Malaysia has seen significant deforestation, as evidenced by a 17% decrease in the amount of rainforest cover between 2001 and 2021During this time, the Borneo Island’s Sarawak region had the most deforestation. From 2002 and 2022, 2.85 million hectares of Malaysia’s tropical primary forest were lost, accounting for more than 33% of the nation’s total tree cover loss during that time. Malaysia’s tropical primary forest area decreased by 18% over this period. The nation lost 118,000 hectares of natural forest in 2022 alone, which led to the emission of 83.9 million tons of CO2. 8.92 million hectares of tree cover were lost in Malaysia between 2001 and 2022, a 30% decrease from 2000 that resulted in 5.16 gigatons of CO2 emissions. Remarkably, regions where deforestation was the main cause of the loss of tree cover saw 95% of the loss. Between 2001 and 2022, two regions in Malaysia accounted for 56% of the total loss of tree cover; With a loss of 3.18 million hectares compared to a total of 557,000 hectares, Sarawak experienced the greatest loss. 99,151 alerts about deforestation were registered in Malaysia between December 5 and December 12, 2023, affecting a total area of 1.22 thousand acres.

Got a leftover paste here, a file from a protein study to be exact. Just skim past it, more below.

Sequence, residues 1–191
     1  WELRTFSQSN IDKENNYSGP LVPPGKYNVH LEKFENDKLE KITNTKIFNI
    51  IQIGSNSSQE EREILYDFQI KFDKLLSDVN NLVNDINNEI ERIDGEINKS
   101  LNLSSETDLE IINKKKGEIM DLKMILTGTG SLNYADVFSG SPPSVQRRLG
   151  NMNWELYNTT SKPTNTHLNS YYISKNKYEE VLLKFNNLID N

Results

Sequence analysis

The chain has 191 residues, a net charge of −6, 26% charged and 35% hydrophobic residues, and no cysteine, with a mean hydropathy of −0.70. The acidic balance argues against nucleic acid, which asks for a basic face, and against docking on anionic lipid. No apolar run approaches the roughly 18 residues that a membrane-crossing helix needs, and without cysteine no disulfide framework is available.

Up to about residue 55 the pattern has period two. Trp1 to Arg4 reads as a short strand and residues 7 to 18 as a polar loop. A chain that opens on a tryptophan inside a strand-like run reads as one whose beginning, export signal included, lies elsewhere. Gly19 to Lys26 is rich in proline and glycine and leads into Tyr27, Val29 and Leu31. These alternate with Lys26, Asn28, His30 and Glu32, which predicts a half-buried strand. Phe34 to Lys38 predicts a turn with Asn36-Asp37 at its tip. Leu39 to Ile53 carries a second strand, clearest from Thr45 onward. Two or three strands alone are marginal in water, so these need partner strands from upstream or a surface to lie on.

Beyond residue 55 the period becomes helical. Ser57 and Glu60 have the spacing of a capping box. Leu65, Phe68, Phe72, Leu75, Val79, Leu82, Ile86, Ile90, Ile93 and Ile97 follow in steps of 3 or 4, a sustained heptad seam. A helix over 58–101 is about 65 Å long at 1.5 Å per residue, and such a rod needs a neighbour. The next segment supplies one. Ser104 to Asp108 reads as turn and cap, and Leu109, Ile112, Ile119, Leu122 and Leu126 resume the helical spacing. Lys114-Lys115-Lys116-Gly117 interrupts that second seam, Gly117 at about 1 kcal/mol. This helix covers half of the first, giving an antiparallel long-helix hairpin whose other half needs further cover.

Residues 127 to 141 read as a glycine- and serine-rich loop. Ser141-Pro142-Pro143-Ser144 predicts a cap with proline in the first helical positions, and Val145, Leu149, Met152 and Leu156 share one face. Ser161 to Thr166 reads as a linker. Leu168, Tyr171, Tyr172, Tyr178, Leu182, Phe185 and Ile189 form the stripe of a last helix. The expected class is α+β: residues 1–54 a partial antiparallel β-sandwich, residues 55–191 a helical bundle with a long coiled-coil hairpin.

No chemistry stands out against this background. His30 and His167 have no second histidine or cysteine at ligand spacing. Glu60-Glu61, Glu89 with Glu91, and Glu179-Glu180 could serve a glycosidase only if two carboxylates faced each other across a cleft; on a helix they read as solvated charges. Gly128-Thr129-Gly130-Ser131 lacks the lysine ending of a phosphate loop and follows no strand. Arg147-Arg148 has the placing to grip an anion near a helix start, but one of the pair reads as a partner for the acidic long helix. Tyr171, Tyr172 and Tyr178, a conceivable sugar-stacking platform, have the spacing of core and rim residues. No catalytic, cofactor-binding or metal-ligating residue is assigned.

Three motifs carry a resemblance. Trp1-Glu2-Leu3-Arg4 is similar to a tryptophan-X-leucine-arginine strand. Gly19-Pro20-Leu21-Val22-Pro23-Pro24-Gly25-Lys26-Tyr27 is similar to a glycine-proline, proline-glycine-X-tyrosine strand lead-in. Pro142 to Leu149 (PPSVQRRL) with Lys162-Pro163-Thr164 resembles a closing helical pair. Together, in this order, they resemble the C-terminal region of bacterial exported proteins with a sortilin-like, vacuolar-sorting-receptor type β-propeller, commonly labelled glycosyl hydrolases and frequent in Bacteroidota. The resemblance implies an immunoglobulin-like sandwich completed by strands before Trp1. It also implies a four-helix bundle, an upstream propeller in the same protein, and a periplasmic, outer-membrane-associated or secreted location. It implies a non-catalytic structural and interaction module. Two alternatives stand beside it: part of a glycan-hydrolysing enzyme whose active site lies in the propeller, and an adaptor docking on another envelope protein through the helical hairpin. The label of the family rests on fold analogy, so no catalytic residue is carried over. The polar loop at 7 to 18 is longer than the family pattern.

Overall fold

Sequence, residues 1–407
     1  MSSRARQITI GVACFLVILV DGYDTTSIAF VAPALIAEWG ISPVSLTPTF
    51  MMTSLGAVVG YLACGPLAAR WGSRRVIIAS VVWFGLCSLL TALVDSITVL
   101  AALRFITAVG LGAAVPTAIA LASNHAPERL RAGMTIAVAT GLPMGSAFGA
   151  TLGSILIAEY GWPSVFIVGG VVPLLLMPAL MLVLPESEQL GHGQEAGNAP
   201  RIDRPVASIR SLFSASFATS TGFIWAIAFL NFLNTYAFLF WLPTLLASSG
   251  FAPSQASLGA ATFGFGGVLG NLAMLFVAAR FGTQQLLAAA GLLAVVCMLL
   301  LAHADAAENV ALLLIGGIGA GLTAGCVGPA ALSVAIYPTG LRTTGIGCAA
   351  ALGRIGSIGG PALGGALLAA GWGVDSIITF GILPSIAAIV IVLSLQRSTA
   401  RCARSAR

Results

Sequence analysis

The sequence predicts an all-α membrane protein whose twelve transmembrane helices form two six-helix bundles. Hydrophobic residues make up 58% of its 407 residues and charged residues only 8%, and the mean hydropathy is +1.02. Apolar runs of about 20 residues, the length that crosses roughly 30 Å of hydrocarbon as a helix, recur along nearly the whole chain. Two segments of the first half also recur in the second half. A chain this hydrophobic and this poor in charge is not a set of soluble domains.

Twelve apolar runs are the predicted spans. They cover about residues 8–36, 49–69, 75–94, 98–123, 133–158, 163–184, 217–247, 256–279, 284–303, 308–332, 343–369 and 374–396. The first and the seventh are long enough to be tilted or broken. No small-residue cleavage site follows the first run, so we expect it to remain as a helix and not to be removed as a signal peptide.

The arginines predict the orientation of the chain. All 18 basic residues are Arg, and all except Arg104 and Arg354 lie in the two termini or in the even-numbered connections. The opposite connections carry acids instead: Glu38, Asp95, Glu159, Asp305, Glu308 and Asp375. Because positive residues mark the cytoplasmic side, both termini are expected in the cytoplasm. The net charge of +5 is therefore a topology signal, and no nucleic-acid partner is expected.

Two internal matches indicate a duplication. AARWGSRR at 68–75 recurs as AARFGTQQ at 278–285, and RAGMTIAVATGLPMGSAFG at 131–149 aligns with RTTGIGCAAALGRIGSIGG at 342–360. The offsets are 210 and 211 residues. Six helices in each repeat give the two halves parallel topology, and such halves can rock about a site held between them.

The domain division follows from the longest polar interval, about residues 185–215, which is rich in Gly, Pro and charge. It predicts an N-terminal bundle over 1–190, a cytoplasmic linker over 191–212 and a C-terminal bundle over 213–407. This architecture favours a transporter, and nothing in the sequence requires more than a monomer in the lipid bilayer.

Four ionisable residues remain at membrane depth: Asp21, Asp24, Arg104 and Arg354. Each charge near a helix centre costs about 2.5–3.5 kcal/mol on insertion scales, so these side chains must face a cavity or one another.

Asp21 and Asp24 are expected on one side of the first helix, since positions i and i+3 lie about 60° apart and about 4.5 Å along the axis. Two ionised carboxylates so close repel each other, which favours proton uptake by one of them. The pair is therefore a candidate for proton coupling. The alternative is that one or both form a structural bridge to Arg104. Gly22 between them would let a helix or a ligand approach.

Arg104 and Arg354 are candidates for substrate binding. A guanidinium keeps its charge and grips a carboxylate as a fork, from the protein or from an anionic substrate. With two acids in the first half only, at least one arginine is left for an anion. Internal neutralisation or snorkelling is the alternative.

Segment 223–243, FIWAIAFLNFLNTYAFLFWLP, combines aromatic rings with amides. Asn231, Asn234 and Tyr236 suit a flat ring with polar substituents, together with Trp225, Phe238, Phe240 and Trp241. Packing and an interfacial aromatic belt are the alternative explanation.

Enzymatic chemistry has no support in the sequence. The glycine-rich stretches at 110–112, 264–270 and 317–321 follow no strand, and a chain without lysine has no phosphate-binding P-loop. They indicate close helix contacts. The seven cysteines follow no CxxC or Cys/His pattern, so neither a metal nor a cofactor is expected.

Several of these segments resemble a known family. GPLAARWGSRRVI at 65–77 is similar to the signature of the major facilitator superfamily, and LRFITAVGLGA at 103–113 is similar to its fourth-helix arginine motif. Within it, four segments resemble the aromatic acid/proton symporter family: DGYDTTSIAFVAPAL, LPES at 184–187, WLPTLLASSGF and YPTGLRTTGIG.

Business interests in Malaysian woodlands which are frequently tarnished by corruption, are a major factor in the significant contribution that deforestation makes to environmental problems worldwide. Most Southeast Asia’s primary forests are found in the tropical regions of Malaysia and Indonesia, which also carry a large portion of this impact. When tropical forests are cut down for lumber, they lose their ability to absorb carbon dioxide, which causes stored carbon to be released into the atmosphere. This interferes with the process of photosynthesis, which increases the amount of CO2 in the atmosphere by preventing the exchange of CO2 for oxygen. In addition to increasing greenhouse gas emissions, forest conversion causes pollution and disturbs peat soils, among other issues.